Over the last number of years, headlines repeatedly tell the story of the latest drug plague across the country. Narcotic prescription painkillers are being abused more than ever. Everyone from teenagers to adults is experimenting with painkillers whether they’re legally prescribed or not. Even junkies want cheap highs as the number of individuals falling into the hands of abuse grows every day.
The statistics illustrate the seriousness of the narcotic drug epidemic. From 2002 -2010 alone, the number of individuals who abused prescription painkillers increased by 75 percent. The increase for teens was 25 percent. For some narcotics, the numbers were even higher. Painkiller abuse isn’t picky about who it affects. It reaches far and wide across virtually every demographic; this includes pregnant women as well. Due to the rise in abuse, emergency rooms and doctors are witnessing a sad and alarming trend. In general, they’re seeing more and more babies being born with a narcotic addiction.
What is Neonatal Abstinence Syndrome?
What many doctors are unfortunately seeing in newborn infants is called NAS, or neonatal abstinence syndrome. This refers to a group of conditions that happen as a direct result of a baby being exposed to addictive narcotics while growing in the mother’s womb. Virtually any kind of addictive or illicit substance can produce NAS. Today, doctors are dealing with more and more cases caused by various narcotic painkillers including:
When a female is pregnant, everything she chooses to ingest goes through her placenta and inevitably affects the developing baby. The placenta’s job is to link the mother and the fetus so that the growing baby can receive nutrients. Therefore, if the mother uses a dangerous substance such as OxyContin, it too affects the infant through the placenta. Essentially, there is no actual filter that keeps dangerous drugs away from the baby. If the mother becomes addicted to the drug, so does the baby.
Through no fault of their own, these innocent babies come into the world already battling an addiction to drugs. Like any addiction, once they’re born and don’t have access to the drug any longer, they readily start to experience the unpleasant symptoms of withdrawal. This may include a vast array of symptoms including the following:
• Nausea and vomiting
• Excessive crying, sometimes for hours
Because newborn infants are smaller and considerably more fragile than grown adults, they have a much greater risk of actually dying from withdrawal symptoms. While treatment is possible, the damage can be long-lasting and quite serious.
The Silent Addiction Continues
It’s inevitable that as addiction and abuse to prescription painkillers continues to rise across virtually every demographic, the unborn infants growing inside the addicted mothers are included. Across the US, medical communities continue to see a disturbing increase in the incidence of NAS due to widespread painkiller abuse. In some areas, doctors report increases of as much as 10 times over the last decade. In fact, some counties in Kentucky report a whopping increase of 330 percent regarding infants addicted to narcotics at birth. In West Virginia alone, hospitals claim as many as 1 out of every 13 babies being born is in fact addicted to narcotics.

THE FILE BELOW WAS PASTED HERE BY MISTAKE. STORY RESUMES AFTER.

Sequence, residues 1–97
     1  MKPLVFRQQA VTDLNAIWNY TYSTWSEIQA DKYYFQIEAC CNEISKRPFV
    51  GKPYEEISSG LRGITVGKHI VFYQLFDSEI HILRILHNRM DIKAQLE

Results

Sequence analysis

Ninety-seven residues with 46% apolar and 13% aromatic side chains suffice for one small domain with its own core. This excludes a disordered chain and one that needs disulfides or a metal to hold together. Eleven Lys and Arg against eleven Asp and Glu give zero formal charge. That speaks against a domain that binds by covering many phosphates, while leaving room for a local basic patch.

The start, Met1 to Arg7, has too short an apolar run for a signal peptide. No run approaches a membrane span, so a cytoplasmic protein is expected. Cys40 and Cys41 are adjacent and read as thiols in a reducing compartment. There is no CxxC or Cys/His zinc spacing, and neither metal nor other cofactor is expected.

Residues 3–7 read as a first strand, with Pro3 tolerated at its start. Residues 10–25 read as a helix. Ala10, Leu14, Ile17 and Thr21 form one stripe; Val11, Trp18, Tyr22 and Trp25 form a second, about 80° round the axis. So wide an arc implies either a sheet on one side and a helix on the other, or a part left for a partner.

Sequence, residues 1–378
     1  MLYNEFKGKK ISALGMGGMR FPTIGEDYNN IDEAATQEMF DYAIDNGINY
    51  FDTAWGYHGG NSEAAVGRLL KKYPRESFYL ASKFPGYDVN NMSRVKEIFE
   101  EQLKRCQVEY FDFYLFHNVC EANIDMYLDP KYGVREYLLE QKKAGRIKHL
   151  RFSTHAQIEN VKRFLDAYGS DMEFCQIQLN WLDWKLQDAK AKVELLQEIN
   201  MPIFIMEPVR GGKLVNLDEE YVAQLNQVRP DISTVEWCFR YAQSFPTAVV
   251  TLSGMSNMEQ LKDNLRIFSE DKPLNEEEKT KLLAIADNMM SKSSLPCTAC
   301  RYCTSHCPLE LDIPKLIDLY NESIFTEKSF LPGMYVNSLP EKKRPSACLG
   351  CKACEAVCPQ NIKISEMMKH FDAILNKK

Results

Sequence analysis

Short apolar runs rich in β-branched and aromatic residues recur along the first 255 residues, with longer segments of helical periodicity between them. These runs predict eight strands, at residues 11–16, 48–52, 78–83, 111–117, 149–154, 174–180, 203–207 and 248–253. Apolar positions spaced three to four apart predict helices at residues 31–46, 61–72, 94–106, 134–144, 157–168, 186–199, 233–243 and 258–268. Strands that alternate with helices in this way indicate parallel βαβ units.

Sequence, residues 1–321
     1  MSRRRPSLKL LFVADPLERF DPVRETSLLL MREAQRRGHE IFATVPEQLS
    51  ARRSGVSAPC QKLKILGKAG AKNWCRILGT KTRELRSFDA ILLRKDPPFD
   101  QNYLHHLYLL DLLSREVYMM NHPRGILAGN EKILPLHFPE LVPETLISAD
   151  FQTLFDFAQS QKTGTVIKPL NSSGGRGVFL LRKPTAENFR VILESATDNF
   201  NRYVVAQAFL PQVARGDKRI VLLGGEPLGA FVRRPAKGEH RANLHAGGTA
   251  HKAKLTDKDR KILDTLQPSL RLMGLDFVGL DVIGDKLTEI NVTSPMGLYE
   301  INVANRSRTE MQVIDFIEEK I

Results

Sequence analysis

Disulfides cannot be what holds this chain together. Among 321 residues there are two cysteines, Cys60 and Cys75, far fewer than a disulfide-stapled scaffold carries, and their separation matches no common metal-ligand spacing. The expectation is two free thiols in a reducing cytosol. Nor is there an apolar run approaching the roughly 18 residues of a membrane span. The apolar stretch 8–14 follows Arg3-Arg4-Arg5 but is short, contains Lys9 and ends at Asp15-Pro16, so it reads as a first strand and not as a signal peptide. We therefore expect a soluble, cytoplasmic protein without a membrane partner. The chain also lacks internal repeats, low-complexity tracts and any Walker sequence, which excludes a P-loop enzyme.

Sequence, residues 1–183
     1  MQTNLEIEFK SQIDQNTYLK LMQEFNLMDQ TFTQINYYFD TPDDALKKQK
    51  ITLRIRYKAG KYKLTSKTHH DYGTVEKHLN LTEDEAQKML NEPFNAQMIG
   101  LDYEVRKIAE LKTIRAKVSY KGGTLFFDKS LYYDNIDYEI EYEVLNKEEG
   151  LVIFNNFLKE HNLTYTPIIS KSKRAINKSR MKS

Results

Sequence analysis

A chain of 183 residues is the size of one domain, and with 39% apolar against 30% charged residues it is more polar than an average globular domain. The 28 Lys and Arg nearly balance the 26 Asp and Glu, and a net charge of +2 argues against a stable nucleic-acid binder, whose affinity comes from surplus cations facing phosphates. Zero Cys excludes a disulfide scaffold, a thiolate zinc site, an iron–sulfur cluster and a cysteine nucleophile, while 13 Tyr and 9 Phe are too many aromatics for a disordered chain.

One study done in Tennessee claims that in 2009 alone over 13,000 babies throughout the country were born with addictions to prescription medications. Several of the biggest increases in babies addicted to drugs are being seen across the Appalachian areas of Kentucky, West Virginia, and Tennessee. Narcotic painkiller abuse is higher in those regions than virtually anywhere else in the US. Sadly, the babies are the ones paying the price.
NAS: Treatment and Prevention
Treating a small infant for drug addiction is very similar to treating an addicted adult in many ways. The infant is given very small amounts of the narcotic in order to help alleviate the unpleasant withdrawal symptoms and to gradually wean it off the harmful substance. In more severe cases, sometimes morphine is actually used for this process. However, it has to be done in a very careful manner so no harm will come to the child. Even so, a baby can stop breathing due to the overwhelming effects of the withdrawal process.
While physicians treat the addicted infants, policymakers are working to prevent the epidemic. For example, in Florida where more than 1,500 infants are being born addicted to painkillers every year, the state’s attorney general is leading a public awareness campaign about the addiction epidemic. With various billboards across the state and an informative website, the campaign will hopefully educate all mothers concerning the toxic dangers of using narcotics while they’re pregnant.
Addiction is a serious problem for non-pregnant women, let alone mothers-to-be. If you’re a pregnant woman and finding it hard to turn away from the grip of prescription painkillers, you’re not alone. Help is available to you. Seek inpatient care as soon as possible, not only for yourself, but for the future of your unborn innocent child as well.